The saga of the rivalry between East and West Coast ports has taken a new twist with transshipment and transloading catching the eye of the ever-bewildered container worlds. These two methods have combined to throw in an extra factor into the search for a formula for the ideal route from Asia.
Panama Canal execs say the expansion project due for completion in 2014 will allow the canal to handle 12,600 teu vessels, (Robert West of Halcrow says that 30 percent of container ships will account for 64 percent of world capacity by 2012), whereas most East Coast ports can only cope with a maximum of 7,000 teus.
This means transshipment -- shifting the boxes to smaller vessels. Shipping lines are eyeing the Caribbean as the most likely area of cross over.
A whole slew of ports are being looked at. One of the big favorites – drum roll here -- is Cuba, which could be the most logical and cheapest cross over. This factor could make the political debate about the embargo of the island much more fervent – particularly because China is climbing in wholesale with investments and aid projects.
An American port is also being looked at, in Puerto Rico (Ponce or San Juan). But the Jones Act bedevils matters – US ships and crews mean that costs will most likely increase.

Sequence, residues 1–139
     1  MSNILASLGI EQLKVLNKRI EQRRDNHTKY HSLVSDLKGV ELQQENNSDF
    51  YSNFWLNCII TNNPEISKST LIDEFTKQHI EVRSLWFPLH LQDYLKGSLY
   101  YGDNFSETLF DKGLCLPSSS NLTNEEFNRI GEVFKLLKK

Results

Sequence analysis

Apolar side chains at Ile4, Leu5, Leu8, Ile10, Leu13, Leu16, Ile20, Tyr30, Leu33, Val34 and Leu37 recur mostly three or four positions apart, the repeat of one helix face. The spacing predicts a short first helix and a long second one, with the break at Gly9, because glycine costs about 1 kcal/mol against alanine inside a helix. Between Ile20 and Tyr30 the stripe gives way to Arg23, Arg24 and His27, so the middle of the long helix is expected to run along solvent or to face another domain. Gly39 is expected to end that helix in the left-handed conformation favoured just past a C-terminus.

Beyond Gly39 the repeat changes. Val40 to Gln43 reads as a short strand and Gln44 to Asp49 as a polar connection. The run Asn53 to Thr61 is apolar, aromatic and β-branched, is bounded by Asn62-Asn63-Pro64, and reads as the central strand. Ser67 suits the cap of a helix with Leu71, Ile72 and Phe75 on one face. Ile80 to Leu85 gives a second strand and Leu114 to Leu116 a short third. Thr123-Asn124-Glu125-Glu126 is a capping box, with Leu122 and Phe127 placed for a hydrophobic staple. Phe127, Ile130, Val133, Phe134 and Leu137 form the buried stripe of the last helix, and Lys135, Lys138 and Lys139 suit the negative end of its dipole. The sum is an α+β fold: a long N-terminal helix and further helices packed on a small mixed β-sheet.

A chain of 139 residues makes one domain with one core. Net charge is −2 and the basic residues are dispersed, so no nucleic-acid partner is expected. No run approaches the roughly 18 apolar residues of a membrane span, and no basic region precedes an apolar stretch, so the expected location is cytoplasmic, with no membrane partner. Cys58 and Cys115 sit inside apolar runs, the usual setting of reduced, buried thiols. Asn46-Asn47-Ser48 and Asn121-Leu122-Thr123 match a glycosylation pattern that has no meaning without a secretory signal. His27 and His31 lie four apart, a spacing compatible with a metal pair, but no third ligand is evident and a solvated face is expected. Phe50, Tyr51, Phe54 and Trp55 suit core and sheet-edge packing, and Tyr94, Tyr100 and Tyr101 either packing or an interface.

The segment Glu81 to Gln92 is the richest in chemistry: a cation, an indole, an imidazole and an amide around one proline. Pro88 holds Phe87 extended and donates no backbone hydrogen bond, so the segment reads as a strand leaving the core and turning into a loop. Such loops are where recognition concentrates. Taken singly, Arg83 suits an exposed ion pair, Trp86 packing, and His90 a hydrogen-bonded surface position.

Some ports will be out of the running. Robert West says these include Venezuela's Puerto Cabello, where a terminal that had been run by DP World has been taken over by the Venezuelan government, while there has not been insufficient investment in Rio Haina.
He says Port of Spain is too far east of the main routes to North America.
Meanwhile, on the Asia to West Coast route, the talk is all about transloading in the reverse direction – shoving the contents of a 40 footer into a 53 footer—because of obvious cost benefits.
Both methods have their drawbacks. Security for transshipment increases, with extra costs for jacking up the facilities in the Caribbean and complying with 10 + 2, Secure Ports and the rest of it. Logistics for transloading becomes a headache, with contents having to be meticulously planned at the point of origin to avoid time wasting in the US as goods are shuffled around.
What is certain is that a new sub-sector of the maritime industry is springing up – 3PLs and container lines that are specialists in the whole "trans" operation.
The industry could in essence be getting an unexpected and friendly kick in the pants that will lead to more jobs and capital investment.